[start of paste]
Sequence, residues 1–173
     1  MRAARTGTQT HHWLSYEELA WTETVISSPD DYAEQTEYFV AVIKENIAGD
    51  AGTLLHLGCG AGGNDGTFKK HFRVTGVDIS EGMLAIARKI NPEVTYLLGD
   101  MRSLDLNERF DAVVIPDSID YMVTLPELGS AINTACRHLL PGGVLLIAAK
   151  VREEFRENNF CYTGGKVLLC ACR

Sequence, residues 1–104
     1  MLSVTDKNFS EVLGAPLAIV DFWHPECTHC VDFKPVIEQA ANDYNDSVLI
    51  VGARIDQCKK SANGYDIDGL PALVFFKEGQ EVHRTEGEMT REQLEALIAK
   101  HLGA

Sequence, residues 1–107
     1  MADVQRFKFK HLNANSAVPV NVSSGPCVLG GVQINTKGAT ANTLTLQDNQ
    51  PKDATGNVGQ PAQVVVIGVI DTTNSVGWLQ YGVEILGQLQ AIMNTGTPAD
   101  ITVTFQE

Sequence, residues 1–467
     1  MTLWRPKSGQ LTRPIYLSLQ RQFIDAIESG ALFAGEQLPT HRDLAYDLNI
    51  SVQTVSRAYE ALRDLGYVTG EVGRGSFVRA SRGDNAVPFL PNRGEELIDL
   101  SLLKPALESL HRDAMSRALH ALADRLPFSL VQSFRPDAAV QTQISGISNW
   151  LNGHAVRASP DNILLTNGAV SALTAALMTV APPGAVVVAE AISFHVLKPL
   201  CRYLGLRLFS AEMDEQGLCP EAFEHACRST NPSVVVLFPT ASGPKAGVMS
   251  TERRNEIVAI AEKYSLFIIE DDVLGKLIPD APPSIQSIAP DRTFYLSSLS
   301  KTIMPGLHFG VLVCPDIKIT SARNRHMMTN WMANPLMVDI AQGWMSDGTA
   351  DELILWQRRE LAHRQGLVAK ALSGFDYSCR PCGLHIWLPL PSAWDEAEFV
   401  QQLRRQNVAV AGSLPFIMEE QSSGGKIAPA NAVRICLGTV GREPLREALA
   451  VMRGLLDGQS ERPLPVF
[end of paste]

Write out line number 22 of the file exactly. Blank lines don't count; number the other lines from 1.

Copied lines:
   351  DELILWQRRE LAHRQGLVAK ALSGFDYSCR PCGLHIWLPL PSAWDEAEFV